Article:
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How to Grow Indoor Cannabis

Cannabis cultivation is no longer only a hobby for personal enjoyment, it’s a full scale industry with a detailed supply chain. With the global legal cannabis market continually expanding, industrial-scale cannabis cultivation requires solid understanding of principles in both agriculture and business. Cultivating cannabis on a large scale requires thorough planning, technological insight, and adherence to legal regulations in order to produce healthy crops and turn a profit while making maximum use of the advantages of indoor growing techniques. 

Know Your Grow
Like any good business strategist, you want to know your target market segment before you start building your infrastructure. When growing indoor cannabis that’s an especially important factor. Different strains of cannabis have different market appeal due to their varying effects and applications; these strains also grow differently, requiring strain-specific setups in lighting, nutrition, and climate control as well as slightly adjusted grow cycles. Some strains are popular with consumers, but less suitable for large-scale cultivation due to practical factors, like pest resistance and yield per plant. These factors can affect everything from the equipment you buy to the space you choose to house your operation, so you want to plan for them early on. 

Choose Your Location

Choosing an appropriate location is a critical factor. Proximity to resources and logistical considerations play a significant role–remember, your space is now part of a supply chain. Many industrial growers choose former warehouse buildings, as they have lots of space and tend to be designed and located with shipping routes in mind. 

Open spaces are ideal, and you’ll want to be able to customize the design for your operation and your staff. Crowded grow rooms mean clutter, and clutter means accidents that can harm staff and products alike. Consider a vertical growing system that can make maximum use of the high ceilings available in an industrial space, either on its own or combined with a mobilized storage system  that can allow plant shelving to move along the floor in preset tracks, creating clear aisle-ways when needed and closing them to maximize grow space when not.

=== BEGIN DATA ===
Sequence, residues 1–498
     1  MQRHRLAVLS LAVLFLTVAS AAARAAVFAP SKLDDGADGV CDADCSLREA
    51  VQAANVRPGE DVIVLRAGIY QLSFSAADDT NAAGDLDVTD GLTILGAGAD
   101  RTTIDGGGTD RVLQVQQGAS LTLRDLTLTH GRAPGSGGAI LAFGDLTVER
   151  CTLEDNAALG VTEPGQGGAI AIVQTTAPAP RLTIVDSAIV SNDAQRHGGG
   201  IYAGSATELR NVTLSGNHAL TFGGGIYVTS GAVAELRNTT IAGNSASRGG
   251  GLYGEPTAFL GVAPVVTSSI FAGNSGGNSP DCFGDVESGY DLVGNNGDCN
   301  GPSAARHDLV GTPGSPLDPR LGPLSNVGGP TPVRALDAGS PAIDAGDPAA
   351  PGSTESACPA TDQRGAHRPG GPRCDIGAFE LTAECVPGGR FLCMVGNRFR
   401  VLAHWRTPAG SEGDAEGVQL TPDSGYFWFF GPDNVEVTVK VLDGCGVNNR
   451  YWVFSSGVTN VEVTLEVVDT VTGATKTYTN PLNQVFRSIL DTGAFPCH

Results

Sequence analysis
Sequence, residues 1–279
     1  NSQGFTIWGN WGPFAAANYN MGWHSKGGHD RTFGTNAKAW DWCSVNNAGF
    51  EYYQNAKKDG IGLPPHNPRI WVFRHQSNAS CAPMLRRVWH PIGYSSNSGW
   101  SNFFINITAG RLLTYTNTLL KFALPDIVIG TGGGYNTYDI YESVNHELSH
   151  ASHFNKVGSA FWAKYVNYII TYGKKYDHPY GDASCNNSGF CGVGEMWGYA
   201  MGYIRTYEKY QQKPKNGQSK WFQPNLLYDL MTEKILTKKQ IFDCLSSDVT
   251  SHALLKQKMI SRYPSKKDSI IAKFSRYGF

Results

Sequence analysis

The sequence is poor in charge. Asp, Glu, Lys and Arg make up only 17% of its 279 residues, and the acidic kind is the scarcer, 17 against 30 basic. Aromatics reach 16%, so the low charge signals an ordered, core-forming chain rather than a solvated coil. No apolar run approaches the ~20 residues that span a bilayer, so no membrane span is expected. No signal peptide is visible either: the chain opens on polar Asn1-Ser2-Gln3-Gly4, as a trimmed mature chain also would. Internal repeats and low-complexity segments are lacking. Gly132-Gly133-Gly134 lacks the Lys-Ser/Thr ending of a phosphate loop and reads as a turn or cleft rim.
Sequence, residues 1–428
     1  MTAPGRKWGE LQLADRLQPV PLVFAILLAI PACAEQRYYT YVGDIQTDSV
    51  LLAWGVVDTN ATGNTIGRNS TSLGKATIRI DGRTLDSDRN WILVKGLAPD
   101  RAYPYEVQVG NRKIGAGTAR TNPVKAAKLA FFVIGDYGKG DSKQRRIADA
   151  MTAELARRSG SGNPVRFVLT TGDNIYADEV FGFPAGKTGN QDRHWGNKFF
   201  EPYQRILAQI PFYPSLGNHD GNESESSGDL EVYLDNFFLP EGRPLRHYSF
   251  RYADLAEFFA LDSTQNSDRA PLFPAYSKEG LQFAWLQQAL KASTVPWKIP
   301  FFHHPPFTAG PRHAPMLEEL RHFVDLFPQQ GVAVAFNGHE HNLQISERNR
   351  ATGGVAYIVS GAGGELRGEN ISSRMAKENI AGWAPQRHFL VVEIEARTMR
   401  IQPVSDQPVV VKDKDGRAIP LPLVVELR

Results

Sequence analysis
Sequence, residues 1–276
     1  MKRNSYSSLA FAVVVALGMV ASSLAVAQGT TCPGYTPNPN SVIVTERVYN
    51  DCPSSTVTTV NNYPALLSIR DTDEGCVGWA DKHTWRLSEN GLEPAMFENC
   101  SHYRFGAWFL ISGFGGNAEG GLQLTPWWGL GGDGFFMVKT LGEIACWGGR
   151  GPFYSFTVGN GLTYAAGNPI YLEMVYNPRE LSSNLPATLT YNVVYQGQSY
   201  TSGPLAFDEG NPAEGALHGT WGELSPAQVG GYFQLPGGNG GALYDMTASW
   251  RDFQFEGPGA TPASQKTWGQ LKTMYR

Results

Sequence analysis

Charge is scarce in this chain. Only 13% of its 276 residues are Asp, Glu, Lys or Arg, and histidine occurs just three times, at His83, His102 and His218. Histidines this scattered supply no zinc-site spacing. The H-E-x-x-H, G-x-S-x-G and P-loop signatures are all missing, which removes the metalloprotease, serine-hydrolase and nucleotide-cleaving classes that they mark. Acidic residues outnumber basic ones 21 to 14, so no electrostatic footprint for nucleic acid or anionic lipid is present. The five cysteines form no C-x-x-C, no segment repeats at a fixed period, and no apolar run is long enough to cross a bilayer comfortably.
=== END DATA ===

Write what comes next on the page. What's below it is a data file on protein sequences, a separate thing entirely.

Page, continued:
Have a Controlled Grow Environment

The main advantage to indoor growing is not being subject to the whims of the outdoors; you can grow strains suited to any climate, no matter where you’re located. You also don’t have to worry as much about the effects of weather fluctuations. You provide the light, air, and soil that allows plants to thrive, all in the confines of a controlled setting. This begins with the implementation of energy-efficient and high-performance lighting solutions. LED lights are a preferred choice due to their energy efficiency and longevity, complemented by High-Pressure Sodium (HPS) lights that excel during the flowering stage. To further precision, cultivators integrate automated lighting systems that guarantee exact control over light cycles and intensity–a factor that becomes especially important when precise control over lighting changes is essential to ensure optimal yield during flowering. Equally crucial is the management of climate within the facility. Automated control HVAC systems should be used to maintain temperature, humidity, and ventilation. The choice of growing medium also plays a significant role in creating a controlled environment. At an industrial scale, the decision between traditional soil cultivation and innovative hydroponic systems becomes strategic. Hydroponics, potentially augmented by aeroponics or drip irrigation systems, offer optimized space usage and efficient nutrient delivery, leading to expedited growth cycles. These systems can even incorporate automated nutrient management and irrigation to ensure that the plants receive consistent nourishment.

Streamline Harvesting and Processing

Harvesting indoor cannabis is a meticulous process that calls for careful planning and execution. Remember, the cultivation schedule of your strain or strain dictates the harvest time. Adopting a perpetual harvest approach can help keep the cultivation process in constant rotation, maintaining a consistent supply and quality without overwhelming resources and staff. Still, harvesting can be taxing on your infrastructure. Ensure you’re prepared for unexpected power outages with alternative power solutions, such as generators, to prevent spoilage during blackouts. Also plan ahead with streamlined protocols that prioritize cleanliness in harvesting and processing to prevent the spread of pathogens and pests in your facility. 

In the last 1-2 weeks of the flower cycle, be sure to flush your plants–this gives them a better flavor profile. Examine trichomes on each strain closely to make sure they are ready for harvest; a digital microscope is best for this, but less expensive options like a standard magnifying glass can also work. When you’re sure they are ready to harvest, schedule your harvest day and time. You will want to do the harvest in the morning, when it’s still dark, and avoid turning on lights that can stress the plants, which will lead to harsh smoke.

Cure the buds properly in airtight containers, making sure to clearly label individual strands. Make sure you allow them to breathe regularly to prevent mold and ensure an even moisture distribution throughout the curing process.


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